Some people think that allowing knees to the head of a downed opponent would discourage some stalling. Whether it's true or not might be moot; I don't foresee the sanctioning bodies changing their minds on that one.
Svartorm
2/16/07 5:46:21PM
Unfortunetly, you're probably right, although if UFC gets even bigger, they might have a little bit of say with the athletic commisions about that sort of thing. Realistically a knee to the head on the ground isn't that much more dangerous than an elbow.
redmist
2/16/07 6:58:40PM
Let's be honest here, the people who get drunk and boo don't want to be educated. They want to see "ultimate fighters" knocking hell out of each other. they don't visit sites like this for intelligent debate about the sport or search for videos of gogoplatas and anaconda chokes. They just want to turn up, drink, and chant "usa" if the opposition is foreign.

unfortunately this has effected things in the ufc. we don't get to see some fighters, even though they are close to recieving title shots (marquardt). and even fighters we've looked forward to seeing in the ufc for a while (machida). We also have fighters apologizing to the booing masses for daring to play to their strengths and keep the fight on the ground. I think going to the ground will eventually be rendered pointless because bjj guys won't have time to work for a position before they're stood up. But that's the price we might pay for the growing popularity.

hope i'm wrong and sorry to be so cynical.
hippysmacker
2/16/07 7:22:52PM

Posted by redmist

Let's be honest here, the people who get drunk and boo don't want to be educated. They want to see "ultimate fighters" knocking hell out of each other. they don't visit sites like this for intelligent debate about the sport or search for videos of gogoplatas and anaconda chokes. They just want to turn up, drink, and chant "usa" if the opposition is foreign.

unfortunately this has effected things in the ufc. we don't get to see some fighters, even though they are close to recieving title shots (marquardt). and even fighters we've looked forward to seeing in the ufc for a while (machida). We also have fighters apologizing to the booing masses for daring to play to their strengths and keep the fight on the ground. I think going to the ground will eventually be rendered pointless because bjj guys won't have time to work for a position before they're stood up. But that's the price we might pay for the growing popularity.

hope i'm wrong and sorry to be so cynical.



I hope your wrong too. Your point is valid, but seriously how many diehads can afford to go to the UFC. It's become the new " in thing" for celebrities and people with excess money to blow.Also, since the majority have been in Vegas, unless you live close it's a big inconvenience and expense. I would much rather watch it in myhouse with 15-20 people who I knoe are into it anyway . Drunken people always ruin anything IMO. Baseball, football, MMA etc. They are always just rowdy and overbearing. I still think eventually more and more peole will become educated and this will diminish appreciatively.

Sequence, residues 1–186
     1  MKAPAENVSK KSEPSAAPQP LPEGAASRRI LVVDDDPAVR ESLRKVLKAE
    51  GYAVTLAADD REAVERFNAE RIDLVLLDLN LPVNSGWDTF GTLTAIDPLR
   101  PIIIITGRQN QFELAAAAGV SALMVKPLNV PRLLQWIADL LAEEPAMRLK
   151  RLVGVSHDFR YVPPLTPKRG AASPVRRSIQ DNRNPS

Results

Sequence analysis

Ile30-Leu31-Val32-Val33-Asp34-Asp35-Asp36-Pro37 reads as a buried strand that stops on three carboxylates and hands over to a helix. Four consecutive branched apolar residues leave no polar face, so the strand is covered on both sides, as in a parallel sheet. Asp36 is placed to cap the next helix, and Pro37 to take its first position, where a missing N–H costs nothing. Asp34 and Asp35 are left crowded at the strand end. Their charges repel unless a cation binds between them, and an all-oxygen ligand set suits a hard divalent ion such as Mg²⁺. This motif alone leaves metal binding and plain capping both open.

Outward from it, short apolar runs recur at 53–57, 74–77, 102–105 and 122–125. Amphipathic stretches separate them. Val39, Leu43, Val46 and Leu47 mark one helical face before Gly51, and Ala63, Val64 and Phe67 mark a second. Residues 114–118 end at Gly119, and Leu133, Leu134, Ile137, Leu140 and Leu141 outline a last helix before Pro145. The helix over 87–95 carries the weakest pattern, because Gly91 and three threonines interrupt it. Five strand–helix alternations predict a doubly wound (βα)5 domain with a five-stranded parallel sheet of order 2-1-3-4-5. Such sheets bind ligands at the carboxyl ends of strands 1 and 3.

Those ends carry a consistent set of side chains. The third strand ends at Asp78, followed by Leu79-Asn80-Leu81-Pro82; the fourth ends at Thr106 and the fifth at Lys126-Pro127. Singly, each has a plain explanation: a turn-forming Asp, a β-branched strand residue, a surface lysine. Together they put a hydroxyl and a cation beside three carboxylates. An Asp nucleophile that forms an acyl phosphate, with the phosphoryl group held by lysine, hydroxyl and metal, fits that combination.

Reignofterror
2/16/07 8:24:16PM
It's honestly pathetic and in my opinion disgusting how casual fans view the sport. Many of them merely hope for the authlete to get hurt, and many pay for blood. Violence is the X-Factor for many new comers to the sport, and that may have been what drove them away from boxing if they were a fan, was the fact that now we can punch,knee,elbow, and kick...but little do they care about the ground game unless someone gets pummeled.

Once it hits the canvas little respect is given for some of the grappling clinics that are put on by fighters (Griffin vs Edgar for example). Wrestling and Juijitsu is an art which deserves much more appreciation then it is given, and for fans that want to see a stand up brawl then why not watch K-1 Kickboxing, mixed martial arts isn't exactly you're cup of tea. Unfortunetly, to the grapplers dismay it seems that referees are as well not giving the time needed on the ground which often results in immediate stand-up unless fighters are immediately engaged. For those that have practiced Juijitsu realise that it takes time for submisssion holds to be locked in place and positioning is everything, as well as mental concentration. The ground holds as much of a physical battle as mental and it does take brains to attain victory on the ground which many people new to mixed martial arts fail to understand.

Mixed Martial Arts is a sport not a human cock-fight and for those that fail to realise that these athletes are professionally trained fighters, who train, diet, and work just as hard if not harder then football, basketball, and baseball players. Don't boo the ground game, and don't boo a stand up fight that doesn't look like Bonnar vs Griffin 1, MMA is an aggressive sport, yet still very tactical, and it seems the tactical part always goes unappreciated.